Another implementation was with individuals that we knew wanted new ways to be invested. So we made a plan where they could buy products at wholesale and we’d just sell it for them as part of our normal operations out of our warehouse. We got the wholesale profit and they got the retail profit. It worked so well, even after the crisis most kept simply re-investing.
When we could eventually order again (nine months later) we bought significantly more inventory, all powered by wholesale investments and retail pre-orders. Larger orders reduced our costs and we got profit from the loans, wholesale investments, and customer retail sales.
Your website and email list are your most important tools.
All problems are solved, made simpler, or assisted by an effective website and a quality email list. They’re more valuable than cash because they are vehicles that drive your ability to generate revenue on demand. They are the only assets you own directly and are critical to a modern stable business.
Social media serves a different purpose. It’s for reaching an audience you wouldn’t otherwise have easy exposure to. They offer the unique potential to gain sudden, explosive exposure and are critical components to building up your website and email list. Your website by itself isn’t as capable of the same sudden exposure by simple math: You don’t have a billion people on your website.
Unfortunately, there are two problems with social media. One: You don’t own anything. Your profile, followers, and content are merely "rented." Everything can be taken away at any time, for any reason that the platform deems fit. Two: engagement results simply aren’t as good as your website and email because you’re fighting for attention with everyone else.
We had a YouTube channel with millions of views and the best Facebook page in the industry with 100,000 followers. They were crucial in growing our customer list and website. The problem was on social media — we got 1/10th the engagement compared to email and the website. While followers and views were a great ego stroke, by itself it wouldn’t have been enough to save the business.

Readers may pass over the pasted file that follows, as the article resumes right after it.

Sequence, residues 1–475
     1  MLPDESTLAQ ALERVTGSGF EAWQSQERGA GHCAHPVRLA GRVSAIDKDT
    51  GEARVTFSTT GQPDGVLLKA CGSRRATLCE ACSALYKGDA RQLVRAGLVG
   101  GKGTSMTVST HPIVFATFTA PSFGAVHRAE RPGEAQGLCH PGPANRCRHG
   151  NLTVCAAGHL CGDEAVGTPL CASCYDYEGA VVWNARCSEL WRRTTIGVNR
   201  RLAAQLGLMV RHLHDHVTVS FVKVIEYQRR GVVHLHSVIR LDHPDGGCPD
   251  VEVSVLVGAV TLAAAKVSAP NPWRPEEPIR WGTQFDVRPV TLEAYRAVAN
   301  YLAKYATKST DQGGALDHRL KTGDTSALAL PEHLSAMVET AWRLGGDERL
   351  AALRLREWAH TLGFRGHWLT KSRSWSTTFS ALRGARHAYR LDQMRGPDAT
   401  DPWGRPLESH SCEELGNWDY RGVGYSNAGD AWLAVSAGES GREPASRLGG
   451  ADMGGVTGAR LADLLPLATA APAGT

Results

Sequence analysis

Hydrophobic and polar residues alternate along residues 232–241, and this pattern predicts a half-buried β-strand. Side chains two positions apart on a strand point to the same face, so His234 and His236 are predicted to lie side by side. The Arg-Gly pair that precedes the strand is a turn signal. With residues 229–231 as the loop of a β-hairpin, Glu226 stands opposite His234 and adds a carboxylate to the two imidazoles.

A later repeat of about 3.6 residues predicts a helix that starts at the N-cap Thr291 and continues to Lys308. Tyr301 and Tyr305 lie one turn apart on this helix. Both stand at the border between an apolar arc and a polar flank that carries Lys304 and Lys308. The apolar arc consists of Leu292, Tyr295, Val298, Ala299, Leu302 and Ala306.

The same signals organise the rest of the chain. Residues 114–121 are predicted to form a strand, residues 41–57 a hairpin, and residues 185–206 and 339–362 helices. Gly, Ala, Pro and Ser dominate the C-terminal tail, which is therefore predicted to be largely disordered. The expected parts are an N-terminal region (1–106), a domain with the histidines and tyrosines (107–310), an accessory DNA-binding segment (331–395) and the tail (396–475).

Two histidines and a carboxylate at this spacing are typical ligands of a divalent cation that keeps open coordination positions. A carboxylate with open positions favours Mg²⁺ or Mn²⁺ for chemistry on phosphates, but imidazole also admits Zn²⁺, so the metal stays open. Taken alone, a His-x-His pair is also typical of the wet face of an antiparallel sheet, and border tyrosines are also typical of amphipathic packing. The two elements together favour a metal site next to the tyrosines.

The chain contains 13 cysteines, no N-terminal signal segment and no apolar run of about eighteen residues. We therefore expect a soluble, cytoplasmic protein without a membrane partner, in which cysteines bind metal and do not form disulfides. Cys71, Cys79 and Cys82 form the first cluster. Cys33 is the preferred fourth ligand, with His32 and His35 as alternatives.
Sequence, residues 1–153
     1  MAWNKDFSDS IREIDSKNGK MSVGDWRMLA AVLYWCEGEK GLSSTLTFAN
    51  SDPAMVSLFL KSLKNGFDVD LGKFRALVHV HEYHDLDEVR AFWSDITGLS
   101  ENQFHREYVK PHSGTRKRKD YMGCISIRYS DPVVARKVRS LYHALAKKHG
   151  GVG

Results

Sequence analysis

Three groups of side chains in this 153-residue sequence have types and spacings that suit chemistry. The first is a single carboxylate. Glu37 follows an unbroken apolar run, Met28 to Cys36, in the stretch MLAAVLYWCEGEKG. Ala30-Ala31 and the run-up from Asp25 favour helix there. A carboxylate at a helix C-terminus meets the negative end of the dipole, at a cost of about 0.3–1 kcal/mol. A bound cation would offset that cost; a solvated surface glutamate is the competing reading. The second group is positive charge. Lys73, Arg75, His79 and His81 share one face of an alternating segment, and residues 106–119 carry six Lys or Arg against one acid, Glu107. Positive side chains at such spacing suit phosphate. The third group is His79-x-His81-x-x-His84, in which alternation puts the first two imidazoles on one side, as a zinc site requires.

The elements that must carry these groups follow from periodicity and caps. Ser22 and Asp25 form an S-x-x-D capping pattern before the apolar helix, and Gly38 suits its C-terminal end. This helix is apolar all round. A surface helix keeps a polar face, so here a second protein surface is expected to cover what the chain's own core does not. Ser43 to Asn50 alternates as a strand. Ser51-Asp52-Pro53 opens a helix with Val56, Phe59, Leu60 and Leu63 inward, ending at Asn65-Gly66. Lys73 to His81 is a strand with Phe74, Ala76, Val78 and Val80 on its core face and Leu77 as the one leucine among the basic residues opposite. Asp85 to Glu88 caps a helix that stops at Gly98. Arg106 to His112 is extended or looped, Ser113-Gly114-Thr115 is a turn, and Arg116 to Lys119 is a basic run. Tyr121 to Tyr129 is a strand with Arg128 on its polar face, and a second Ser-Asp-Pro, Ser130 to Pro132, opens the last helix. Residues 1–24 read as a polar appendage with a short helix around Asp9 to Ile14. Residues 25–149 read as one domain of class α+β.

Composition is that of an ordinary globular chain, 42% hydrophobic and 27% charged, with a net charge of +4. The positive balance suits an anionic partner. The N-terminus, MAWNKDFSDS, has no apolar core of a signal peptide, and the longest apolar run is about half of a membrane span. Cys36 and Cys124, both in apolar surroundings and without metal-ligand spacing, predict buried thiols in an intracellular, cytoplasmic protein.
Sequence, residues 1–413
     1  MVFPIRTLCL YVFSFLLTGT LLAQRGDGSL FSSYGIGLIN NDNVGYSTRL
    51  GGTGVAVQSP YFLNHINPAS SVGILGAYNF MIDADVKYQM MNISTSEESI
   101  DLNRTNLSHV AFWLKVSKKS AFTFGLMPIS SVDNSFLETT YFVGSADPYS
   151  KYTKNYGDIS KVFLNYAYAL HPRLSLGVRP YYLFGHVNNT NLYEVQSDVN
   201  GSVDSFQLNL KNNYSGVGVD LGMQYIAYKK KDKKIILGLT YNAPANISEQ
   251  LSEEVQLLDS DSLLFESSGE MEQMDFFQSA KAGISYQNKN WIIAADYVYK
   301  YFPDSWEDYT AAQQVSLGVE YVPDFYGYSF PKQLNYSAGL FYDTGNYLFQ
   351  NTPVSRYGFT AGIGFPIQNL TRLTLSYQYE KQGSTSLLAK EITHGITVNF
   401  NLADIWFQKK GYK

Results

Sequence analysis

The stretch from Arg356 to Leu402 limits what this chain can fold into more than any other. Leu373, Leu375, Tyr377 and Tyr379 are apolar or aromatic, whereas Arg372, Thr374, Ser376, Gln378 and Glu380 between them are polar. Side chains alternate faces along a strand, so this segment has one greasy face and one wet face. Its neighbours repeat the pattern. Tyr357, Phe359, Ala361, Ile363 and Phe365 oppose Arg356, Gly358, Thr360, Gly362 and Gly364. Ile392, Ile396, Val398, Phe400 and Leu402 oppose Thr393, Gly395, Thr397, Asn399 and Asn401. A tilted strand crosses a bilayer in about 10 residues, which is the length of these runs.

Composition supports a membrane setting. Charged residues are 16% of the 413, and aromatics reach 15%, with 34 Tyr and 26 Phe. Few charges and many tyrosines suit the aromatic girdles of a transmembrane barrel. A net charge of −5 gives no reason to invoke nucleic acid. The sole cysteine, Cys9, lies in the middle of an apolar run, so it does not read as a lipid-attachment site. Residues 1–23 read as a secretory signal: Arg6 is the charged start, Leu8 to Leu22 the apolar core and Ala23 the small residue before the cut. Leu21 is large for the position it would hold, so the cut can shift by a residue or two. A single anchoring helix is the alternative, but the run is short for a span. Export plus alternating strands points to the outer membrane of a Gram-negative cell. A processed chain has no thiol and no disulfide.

Only because we were able to grow, adapt and modify the website to fit the specific situation and provide focused contacts through email were we able to create business-saving results.
With no website or email? Our other solutions would not matter because we wouldn’t have been able to reach the volume of people necessary to solve the problem. The incredible importance and impact these assets have on a business’s ability to survive and thrive is what drove me to make website design and web development the core service of my company when I started it in 2015.
Face problems head-on and be direct with your customers.
Everyone knows life is unexpected and imperfect. Acting as if nothing is wrong only makes the problem worse. A lot of the time, we’ll put off talking to customers or hiding information because we’re afraid of what the response will be. Inevitably, the situation comes to light, and if you hid it from your customers, you only lose their trust and faith.
Instead, take immediate action and be extremely straightforward with the situation. Be overly communicative, even if you don’t normally have a reason to communicate a lot.
We had 8,500 people on our customer list. I called, emailed, and texted every single one. I treated them like trusted team members in our business. Warts and all, they were told everything — and in the end, they got so involved that we’d hold online "war-room meetings." Our customers started feeling they were in it with us, cheering our victories and sharing our setbacks. The result produced record-breaking orders, even if they had no idea when they’d ever get their order while paying double.
People have an infinite capacity for kindness, understanding, and loyalty. But no one gives it away for free. You’ve got to earn it.
Entrepreneur Leadership Network Contributor